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If you answered the Washington Monument, then you’re absolutely right! Since the Washington Monument was completed in early 1885, it’s reign at the top only lasted four short years. But it would’ve been a lot longer had construction of the project not been interrupted by the Civil War.

26. Incomplete project

Even though the Washington Monument (555 feet) has been surpassed in height by the Eiffel Tower, it’s still the tallest building in Washington DC, which is a title it will keep for a long time, because it’s protected by law.

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Originally, construction for the Washington Monument broke ground in July of 1848, but it wouldn’t be completed for almost 40 years. Funding was always a problem for the Washington Monument, and when workers reached a height of about 150 feet in 1956, the money ran out. The statue stood at that height for 20 years, unfinished, until the project was finally picked back up again in 1876.

27. Weighs 162,000,000 pounds

The US Army Corps of Engineers continued construction of the Washington Monument, and it still took another nine years to complete, as the walls in some areas 15–18 feet thick. The stones that make up the structure include blue gneiss, granite, and marble, and in total weigh in at a whopping 162,000,000 pounds.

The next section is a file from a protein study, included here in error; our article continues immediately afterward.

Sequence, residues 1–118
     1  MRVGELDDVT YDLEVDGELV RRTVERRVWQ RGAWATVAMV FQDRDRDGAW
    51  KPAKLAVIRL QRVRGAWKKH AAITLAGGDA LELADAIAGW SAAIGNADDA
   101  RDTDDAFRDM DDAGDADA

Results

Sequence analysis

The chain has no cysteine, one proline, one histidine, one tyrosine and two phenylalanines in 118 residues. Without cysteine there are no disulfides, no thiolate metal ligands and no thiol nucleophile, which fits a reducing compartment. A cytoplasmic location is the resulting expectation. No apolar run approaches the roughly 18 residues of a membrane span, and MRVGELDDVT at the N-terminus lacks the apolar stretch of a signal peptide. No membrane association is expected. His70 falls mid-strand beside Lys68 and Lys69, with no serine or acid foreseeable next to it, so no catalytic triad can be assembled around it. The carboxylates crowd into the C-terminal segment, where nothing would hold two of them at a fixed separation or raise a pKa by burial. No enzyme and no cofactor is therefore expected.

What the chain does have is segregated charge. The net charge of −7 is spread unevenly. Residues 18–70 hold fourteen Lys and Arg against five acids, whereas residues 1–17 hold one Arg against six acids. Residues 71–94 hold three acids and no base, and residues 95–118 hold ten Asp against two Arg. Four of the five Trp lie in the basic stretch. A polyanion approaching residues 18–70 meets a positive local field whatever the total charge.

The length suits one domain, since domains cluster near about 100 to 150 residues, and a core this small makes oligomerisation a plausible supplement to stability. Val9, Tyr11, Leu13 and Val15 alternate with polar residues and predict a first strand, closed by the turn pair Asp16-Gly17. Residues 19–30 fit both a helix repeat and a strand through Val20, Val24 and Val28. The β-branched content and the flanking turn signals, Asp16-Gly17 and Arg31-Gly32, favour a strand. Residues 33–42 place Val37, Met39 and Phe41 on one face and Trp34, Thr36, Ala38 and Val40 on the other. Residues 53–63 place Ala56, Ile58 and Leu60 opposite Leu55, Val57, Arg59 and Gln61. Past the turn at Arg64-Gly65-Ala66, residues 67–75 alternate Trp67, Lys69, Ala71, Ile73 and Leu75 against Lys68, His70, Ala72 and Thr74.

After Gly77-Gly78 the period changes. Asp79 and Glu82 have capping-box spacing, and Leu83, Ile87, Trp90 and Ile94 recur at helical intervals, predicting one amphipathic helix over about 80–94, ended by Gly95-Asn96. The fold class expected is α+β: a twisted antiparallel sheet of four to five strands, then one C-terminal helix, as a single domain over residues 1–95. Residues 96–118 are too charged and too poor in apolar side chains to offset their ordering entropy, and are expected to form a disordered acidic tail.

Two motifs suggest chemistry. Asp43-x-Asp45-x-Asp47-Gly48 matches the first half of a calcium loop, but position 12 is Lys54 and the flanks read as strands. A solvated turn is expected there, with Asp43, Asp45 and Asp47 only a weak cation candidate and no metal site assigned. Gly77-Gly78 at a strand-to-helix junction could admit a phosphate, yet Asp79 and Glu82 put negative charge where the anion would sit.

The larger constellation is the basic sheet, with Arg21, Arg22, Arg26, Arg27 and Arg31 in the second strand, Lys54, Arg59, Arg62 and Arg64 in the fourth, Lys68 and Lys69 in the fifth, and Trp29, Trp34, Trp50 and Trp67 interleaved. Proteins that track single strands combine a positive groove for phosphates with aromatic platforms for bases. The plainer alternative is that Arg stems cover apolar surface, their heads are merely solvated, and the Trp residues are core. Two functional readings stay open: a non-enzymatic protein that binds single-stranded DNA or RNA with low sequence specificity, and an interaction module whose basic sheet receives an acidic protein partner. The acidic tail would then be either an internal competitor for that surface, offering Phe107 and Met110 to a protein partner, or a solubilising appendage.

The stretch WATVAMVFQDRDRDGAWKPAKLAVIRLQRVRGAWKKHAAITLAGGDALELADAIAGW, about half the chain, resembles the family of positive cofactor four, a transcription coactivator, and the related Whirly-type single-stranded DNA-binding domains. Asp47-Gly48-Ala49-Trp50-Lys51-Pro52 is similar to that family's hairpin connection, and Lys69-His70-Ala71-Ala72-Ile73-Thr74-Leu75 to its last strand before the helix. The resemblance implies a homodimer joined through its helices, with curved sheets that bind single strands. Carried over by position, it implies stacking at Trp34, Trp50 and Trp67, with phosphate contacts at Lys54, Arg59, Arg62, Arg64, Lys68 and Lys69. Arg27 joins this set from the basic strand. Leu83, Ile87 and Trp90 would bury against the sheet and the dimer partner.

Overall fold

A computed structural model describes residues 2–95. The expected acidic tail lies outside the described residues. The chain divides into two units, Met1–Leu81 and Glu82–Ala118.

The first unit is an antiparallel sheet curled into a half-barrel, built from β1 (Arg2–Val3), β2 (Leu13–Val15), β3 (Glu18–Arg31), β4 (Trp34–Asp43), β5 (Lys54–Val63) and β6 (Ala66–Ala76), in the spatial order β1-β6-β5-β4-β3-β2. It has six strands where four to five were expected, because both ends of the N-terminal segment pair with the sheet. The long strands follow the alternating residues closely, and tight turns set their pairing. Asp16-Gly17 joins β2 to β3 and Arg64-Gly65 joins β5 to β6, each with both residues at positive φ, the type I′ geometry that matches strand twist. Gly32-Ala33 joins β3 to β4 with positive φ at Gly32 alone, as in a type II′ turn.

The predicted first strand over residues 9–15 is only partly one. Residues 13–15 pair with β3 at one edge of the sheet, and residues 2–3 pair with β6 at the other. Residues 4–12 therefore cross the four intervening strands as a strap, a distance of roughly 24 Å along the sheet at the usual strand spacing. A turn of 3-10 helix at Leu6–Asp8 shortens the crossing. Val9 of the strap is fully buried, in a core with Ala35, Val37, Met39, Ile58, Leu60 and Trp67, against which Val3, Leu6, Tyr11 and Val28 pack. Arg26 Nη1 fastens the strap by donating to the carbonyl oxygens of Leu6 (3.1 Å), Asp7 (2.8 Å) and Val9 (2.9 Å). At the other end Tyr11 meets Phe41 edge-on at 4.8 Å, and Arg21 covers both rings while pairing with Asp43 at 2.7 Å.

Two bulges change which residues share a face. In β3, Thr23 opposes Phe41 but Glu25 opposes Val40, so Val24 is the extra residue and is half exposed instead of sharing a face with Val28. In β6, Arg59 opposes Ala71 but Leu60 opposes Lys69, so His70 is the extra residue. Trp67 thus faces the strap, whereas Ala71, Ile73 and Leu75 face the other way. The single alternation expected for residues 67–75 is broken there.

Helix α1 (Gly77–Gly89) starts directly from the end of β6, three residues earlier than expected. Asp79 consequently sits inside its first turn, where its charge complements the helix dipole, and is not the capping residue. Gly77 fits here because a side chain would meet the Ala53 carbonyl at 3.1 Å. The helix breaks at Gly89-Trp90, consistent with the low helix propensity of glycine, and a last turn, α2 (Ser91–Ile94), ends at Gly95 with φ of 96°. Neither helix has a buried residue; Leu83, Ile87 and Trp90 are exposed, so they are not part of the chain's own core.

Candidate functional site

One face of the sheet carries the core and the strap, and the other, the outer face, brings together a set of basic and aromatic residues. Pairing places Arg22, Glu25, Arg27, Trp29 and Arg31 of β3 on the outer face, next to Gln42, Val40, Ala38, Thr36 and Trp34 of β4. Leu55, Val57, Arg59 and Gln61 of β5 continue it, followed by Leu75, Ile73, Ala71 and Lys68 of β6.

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Because of the gap in construction periods, keen observers will see that the stones are a different color at 150 feet. It’s too bad the monument bears the scar of being underfunded, which was not uncommon in Washington DC, as the US Capitol Building sat for years under construction and unfinished.

28. US Capitol Building

The US Capitol Building as we know it today does not look much like the original version that was completed in 1823. In those days, the Capitol was topped with a copper dome that quickly oxidized and turned green, which caused people to complain that it was ugly.

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Over the years, as the United States expanded, the need for a bigger Capitol building began to grow. Construction saw the new building expanded on the north and south sides, leaving the current dome out of proportion. In 1855 Congress appropriated funds to replace it, but the project took way longer than anyone could’ve anticipated.

29. Eleven years of construction

You have to look closely, but that’s Abraham Lincoln at the steps of the Capitol Building delivering his Inaugural Address on March 4, 1861, but you don’t have to look too closely to see that even though the project started six years earlier, the dome wasn’t finished.

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Unfortunately, the dome wouldn’t even be complete in time for Abraham Lincoln’s second Inauguration, as the project was finally concluded in 1866… after eleven years. It must’ve been a sad sight in Washington DC when the nation was locked in a Civil War, and both the Capitol Building and Washington Monument were unfinished, frozen in time. What a metaphor.

30. Same dimensions as the Pantheon

The architect for the dome was a man named Thomas U. Walter, and his design was a tribute to some of the most iconic domes in Europe. Both the original and current dome actually match the dimensions of the Pantheon, but Walter’s dome was made as a tribute to St. Peter’s Basillica, St. Paul’s Cathedral, and the Pantheon.

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Walter didn’t actually finish the project that he started, and given how long it took, that’s no surprise. The entirely cast iron dome was completed in January of 1866 when the Statue of Freedom was perched at the top of the dome, and the Apotheosis of Washington painting was completed.